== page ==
The annexed drawing is taken from a model recently brought from India and deposited in the museum of the Asiatic Society a represents a mortar about six feet high, usually formed out of a block of granite, but sometimes of wood; in both cases, there is as much of the substance sunk into the ground as remains above it; c is a pestle, the upper extremity of which fits loosely in the piece of timber d; at e is another piece of timber, attached by c c cords to d, (bypassing round the projecting pins shown) with its lower end mortised and bolted to the horizontal lever g; one of the ends of this lever is forked, as at , so as to pass into and around a groove made in the mortar; the lower part b of the mortar, enlarged in its dimensions, serves as a rest for the lever g, and to give steadiness to the apparatus. To put this machine into operation, a man sits upon the end g of the horizontal lever, which by the connecting bars e and d, cause the pestle e to press hard against the sides of the mortar, and a circular motion is given to the pestle by attaching a pair of oxen to the yoke h, who draw it round. An oil press on the same principle as this, is described by Dr. Buchanan, as being used by the oil makers of Bangalore for expressing various kinds of oil.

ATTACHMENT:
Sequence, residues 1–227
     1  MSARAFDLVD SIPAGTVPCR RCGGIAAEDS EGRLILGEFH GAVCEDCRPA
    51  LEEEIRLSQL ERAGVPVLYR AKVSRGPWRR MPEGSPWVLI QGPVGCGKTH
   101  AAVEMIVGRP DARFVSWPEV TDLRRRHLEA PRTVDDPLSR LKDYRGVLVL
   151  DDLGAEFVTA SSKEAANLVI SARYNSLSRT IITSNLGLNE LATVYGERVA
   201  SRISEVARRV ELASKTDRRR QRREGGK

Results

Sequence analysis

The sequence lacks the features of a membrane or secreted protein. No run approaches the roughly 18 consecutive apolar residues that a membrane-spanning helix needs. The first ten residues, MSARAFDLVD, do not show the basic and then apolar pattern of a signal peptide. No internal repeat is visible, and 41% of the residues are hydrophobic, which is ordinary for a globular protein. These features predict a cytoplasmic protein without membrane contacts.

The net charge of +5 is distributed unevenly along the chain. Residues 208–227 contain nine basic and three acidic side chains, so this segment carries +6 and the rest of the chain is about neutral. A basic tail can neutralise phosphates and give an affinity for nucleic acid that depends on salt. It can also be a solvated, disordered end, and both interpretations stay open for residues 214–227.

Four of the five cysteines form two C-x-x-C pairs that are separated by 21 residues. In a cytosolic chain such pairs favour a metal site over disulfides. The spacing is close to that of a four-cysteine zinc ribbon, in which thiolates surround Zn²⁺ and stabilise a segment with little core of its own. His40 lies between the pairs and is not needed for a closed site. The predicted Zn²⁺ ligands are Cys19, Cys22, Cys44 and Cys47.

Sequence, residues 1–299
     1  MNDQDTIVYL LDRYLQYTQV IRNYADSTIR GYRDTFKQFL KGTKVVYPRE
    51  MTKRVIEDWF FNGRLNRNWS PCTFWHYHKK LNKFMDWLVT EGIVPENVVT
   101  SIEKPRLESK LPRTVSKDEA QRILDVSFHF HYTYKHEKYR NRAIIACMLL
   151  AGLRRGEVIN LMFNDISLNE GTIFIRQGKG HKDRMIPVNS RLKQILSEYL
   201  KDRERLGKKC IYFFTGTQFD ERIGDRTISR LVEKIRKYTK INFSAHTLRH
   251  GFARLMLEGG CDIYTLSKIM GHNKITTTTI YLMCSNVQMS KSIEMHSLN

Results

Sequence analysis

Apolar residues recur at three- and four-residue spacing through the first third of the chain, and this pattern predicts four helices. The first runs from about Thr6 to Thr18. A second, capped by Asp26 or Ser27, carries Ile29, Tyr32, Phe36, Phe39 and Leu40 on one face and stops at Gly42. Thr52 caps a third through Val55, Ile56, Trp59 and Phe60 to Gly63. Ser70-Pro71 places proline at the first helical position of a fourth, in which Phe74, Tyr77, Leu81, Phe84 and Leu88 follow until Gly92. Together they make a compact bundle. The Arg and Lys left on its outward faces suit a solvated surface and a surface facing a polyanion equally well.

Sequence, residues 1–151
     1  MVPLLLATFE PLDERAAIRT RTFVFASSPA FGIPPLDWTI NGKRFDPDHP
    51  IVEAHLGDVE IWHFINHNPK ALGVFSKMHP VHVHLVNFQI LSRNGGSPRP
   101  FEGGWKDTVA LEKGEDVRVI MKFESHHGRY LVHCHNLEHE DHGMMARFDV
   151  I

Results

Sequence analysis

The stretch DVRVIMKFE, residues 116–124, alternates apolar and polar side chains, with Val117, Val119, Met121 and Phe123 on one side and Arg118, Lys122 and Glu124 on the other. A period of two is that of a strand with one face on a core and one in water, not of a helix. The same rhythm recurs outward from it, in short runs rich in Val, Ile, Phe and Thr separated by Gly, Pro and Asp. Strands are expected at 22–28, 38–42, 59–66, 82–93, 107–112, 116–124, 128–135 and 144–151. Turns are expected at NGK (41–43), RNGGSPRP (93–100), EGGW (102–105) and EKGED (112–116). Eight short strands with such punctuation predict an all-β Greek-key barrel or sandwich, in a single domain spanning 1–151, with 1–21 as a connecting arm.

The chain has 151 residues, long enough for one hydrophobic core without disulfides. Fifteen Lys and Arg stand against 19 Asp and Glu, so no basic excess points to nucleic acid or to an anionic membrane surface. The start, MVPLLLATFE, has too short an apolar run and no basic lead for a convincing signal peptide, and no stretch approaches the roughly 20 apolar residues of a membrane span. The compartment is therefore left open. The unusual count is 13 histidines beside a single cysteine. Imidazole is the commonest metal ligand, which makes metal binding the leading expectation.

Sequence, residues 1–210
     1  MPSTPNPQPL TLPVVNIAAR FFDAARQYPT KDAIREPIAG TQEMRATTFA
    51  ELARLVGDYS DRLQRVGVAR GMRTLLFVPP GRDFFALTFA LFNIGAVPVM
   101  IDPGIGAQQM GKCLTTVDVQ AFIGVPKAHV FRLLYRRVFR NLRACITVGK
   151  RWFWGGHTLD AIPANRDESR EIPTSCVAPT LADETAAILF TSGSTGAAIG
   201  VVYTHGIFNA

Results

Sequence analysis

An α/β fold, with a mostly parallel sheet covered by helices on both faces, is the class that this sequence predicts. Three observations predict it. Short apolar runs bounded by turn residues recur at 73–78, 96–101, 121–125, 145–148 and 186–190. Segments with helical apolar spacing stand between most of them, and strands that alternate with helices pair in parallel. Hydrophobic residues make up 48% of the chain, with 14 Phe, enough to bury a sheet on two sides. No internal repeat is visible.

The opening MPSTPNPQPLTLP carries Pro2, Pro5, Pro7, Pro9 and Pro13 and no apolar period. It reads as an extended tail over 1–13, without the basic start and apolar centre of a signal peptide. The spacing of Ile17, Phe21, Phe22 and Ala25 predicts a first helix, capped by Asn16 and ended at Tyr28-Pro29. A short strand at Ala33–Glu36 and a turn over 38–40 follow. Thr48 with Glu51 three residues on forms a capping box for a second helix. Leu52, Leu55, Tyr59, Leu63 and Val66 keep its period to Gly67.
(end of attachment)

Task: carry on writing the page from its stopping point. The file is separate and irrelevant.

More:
These mills receive a quantity of seed, equal to about 2 1/2- of our Winchester bushels, to which in the course of grinding, about 2 3/4 quarts of water are gradually added. The grinding continues for six hours, when the farinaceous parts of the seed and the water form a cake, and this having been removed, the oil (about 5 1/2 gallons in quantity) is found clean and pure in the bottom of the mortar, from whence it is taken by a cup. The mill requires the labour of two men and four oxen, and grinds twice a day, thus making, in the whole, but 11 gallons per day; and if this be all that so large a machine and so great a power can perform, how miserably ineffective must be the Singalese machine we first described. The writer of this article was so forcibly impressed with this defective mode of oil-pressing a few years ago, as to lead him to devise some powerful machine, in which the combinations should be few, of the simplest kind, and that should be easily made by the roughest rural workman at a trifling expense, and be, as much as possible, self-acting. The approbation which the principle of these presses have met with from professional engineers, and the practical experience which the inventor has had of their utility and convenience in a nearly similar application, induces him to give a brief description of them in this place; in the perusal of which the reader will bear in mind that they are especially designed for the rural manufacture of oil on the spot where the seeds grow.